BOMBARDIER MARKET REPORT CAUTIOUSLY OPTIMISTIC
Movements in the Morgan Stanley Capital International (MSCI US) Index are reflected with virtually no time-lag in the sales charts for business jets. All the indicators suggest that 2009 and 2010 will be difficult years. Accordingly, Bombardier is expecting a sharp drop in the number of machines sold. Having said that, the Canadian firm’s forecast is by no means a crisis report. Demand for pre-owned machines remains buoyant; and a five year-old aircraft still generally brings in more than its as-new cost. The markets in Europe and Asia are still expanding rapidly too. Whereas only 30 percent of total output was exported as recently as 2003, the figure has jumped to 55 percent in just four years. And experience shows that fast-growing markets still generate follow-up orders even when belts are being tightened. Bombardier expects production to decline to 380 units in 2009 before bouncing back up to 540 aircraft in 2017. In India and China, the number of dollar millionaires rose last year alone by more than 20 percent. As both the subcontinent and the Middle Kingdom press ahead with moves to develop their infrastructures, Bombardier anticipates that orders from either country will increase to around 50 per annum.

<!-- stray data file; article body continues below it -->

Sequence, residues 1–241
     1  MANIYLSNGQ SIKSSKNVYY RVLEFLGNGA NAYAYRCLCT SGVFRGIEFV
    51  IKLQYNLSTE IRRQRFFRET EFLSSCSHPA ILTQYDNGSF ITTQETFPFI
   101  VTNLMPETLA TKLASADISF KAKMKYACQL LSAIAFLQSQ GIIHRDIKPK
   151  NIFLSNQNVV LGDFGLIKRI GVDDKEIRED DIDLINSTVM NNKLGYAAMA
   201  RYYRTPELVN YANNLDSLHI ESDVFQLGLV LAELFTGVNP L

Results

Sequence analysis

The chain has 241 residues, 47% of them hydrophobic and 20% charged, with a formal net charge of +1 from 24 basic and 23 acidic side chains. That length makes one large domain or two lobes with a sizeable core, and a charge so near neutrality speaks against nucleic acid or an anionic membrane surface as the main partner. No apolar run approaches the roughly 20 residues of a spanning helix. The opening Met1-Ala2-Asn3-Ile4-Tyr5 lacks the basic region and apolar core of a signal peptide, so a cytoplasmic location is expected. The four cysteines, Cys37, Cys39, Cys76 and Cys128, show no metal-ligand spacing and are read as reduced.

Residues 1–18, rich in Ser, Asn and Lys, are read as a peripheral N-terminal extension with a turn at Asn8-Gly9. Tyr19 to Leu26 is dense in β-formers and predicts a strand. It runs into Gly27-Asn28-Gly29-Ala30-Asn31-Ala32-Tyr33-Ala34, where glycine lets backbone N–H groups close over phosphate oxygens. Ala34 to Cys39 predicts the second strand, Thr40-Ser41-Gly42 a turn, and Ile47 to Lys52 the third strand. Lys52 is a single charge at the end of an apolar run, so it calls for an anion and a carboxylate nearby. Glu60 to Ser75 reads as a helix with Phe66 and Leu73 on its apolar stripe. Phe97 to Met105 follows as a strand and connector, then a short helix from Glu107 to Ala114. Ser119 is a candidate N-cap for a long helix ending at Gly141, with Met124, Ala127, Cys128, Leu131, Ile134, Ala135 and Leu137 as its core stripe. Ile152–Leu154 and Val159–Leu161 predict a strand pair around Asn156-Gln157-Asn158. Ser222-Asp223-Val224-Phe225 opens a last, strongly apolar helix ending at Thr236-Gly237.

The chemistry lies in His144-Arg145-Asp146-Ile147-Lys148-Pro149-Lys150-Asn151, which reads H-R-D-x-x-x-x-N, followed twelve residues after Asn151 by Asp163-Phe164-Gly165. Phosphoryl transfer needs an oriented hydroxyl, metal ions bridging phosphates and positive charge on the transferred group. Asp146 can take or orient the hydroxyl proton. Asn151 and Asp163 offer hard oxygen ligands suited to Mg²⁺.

Bombardier’s predictions are confirmed by the offerings of key players in this niche market, almost all of whom are taking to the skies with a whole spectrum of new products. Broadly speaking, the market for private jets should also benefit from customers’ -relish for all things innovative: At comparable prices, new models deliver significant improvements in terms of range, environmental impact and comfort. New marketing models and sharing strategies should likewise have a powerful influence.
For the market as a whole, the Bombardier report forecasts that 13,200 aircraft will sell for a total of 300 billion US dollars.0Need at least 3 ratings